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Birth control pill does not raise risk of depression

Researchers in the United States (U.S.) said hormonal birth control and other forms of contraceptive pills do not raise depression risk. These are the findings of a new study, which was published in the ‘American Journal of Psychiatry’.

Their study, which is a comprehensive review of published research of birth control methods for women with psychiatric disorders, came against the background that some women who struggle with mental health problems sometimes forgo the most effective forms of birth control medications because of worsening those issues. The Senior Study Author, Dr. Jessica Kiley, said: “For some patients with anxiety disorders, when you discuss a contraceptive’s potential side effect, they get very worried.

We’re hoping to encourage women to focus on their contraceptive needs and learn about options that are unlikely to cause depression.” Kiley is the chief of general obstetrics and gynecology at Northwestern University Feinberg School of Medicine, in Chicago, U.S. The hormonal contraceptives, the study authors discussed, include birth control pills, IUDs (intrauterine devices), and vaginal rings. On his part, the Corresponding Study Author, Dr. Katherine Wisner said: “When you review the entirety of the literature and ask, ‘Do hormonal contraceptives cause depression?’ The answer is definitely no.”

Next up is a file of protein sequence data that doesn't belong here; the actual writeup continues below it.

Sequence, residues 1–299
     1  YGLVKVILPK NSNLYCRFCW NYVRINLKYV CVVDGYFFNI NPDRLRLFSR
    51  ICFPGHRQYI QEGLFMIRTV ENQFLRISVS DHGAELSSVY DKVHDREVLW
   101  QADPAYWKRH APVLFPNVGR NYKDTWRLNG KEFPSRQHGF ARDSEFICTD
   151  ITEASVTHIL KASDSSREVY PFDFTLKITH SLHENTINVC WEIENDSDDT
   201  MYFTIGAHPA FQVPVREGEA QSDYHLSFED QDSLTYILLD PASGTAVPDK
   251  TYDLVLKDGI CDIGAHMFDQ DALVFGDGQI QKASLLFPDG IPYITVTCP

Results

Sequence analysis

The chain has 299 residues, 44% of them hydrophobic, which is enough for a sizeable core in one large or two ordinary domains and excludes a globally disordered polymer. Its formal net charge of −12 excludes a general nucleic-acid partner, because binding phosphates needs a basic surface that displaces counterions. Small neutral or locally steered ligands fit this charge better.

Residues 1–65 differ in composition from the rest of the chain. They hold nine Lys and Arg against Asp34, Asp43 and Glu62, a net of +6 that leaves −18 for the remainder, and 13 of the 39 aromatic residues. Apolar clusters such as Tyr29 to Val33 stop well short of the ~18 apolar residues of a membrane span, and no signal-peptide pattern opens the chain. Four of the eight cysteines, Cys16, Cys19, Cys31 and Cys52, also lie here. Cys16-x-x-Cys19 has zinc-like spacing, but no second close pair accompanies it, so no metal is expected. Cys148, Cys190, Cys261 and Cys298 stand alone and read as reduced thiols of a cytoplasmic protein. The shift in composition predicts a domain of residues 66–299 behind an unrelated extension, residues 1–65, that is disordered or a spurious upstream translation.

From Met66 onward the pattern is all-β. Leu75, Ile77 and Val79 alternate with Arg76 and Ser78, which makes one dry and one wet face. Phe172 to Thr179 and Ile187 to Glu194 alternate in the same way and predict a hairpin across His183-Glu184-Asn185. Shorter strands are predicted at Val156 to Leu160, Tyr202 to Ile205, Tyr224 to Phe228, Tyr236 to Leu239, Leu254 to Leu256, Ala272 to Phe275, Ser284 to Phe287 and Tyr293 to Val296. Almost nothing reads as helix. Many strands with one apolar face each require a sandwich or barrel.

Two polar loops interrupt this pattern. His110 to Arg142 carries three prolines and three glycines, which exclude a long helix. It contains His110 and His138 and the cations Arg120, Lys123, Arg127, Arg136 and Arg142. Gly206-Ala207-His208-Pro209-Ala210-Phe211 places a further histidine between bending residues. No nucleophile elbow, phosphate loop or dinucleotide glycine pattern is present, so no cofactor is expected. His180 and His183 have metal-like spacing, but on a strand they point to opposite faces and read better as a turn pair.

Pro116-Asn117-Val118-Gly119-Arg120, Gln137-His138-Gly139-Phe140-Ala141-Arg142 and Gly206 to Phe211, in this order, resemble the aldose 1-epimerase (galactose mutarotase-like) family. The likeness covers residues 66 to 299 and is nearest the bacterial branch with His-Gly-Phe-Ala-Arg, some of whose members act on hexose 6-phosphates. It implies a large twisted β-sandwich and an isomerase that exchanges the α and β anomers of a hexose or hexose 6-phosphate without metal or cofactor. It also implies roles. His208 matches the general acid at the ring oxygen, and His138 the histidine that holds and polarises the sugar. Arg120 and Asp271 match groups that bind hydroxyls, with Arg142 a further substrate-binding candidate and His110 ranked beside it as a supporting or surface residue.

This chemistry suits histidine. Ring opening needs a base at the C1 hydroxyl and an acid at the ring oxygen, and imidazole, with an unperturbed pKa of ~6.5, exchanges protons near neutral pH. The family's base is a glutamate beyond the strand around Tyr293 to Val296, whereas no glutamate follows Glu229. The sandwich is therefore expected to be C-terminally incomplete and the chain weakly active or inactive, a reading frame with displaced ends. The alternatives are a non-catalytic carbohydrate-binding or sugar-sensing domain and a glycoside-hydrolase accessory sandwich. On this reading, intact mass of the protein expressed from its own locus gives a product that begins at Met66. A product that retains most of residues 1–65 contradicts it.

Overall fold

Wisner, who is a professor of psychiatry and behavioural sciences and obstetrics and gynecology at Northwestern, is also director of the Asher Center for the Study and Treatment of Depressive Disorders at the Northwestern University, Chicago, Illinois, U.S.

The review authors hope the findings of this study will lead to more collaboration between gynecologists and psychiatrists, who can work together to help their mutual patients. Psychiatrists don’t typically receive enough training on contraceptives to properly counsel women on their birth control choices, according to the report. And women also should be screened for depression at routine gynecological appointments, Wisner said.

Wisner said although interactions between psychiatric drugs and contraceptives are infrequent, doctors do need to be aware of important exceptions including the antipsychotic clozapine and the bipolar/seizure drug carbamazepine, which can sometimes interfere with certain contraceptives.


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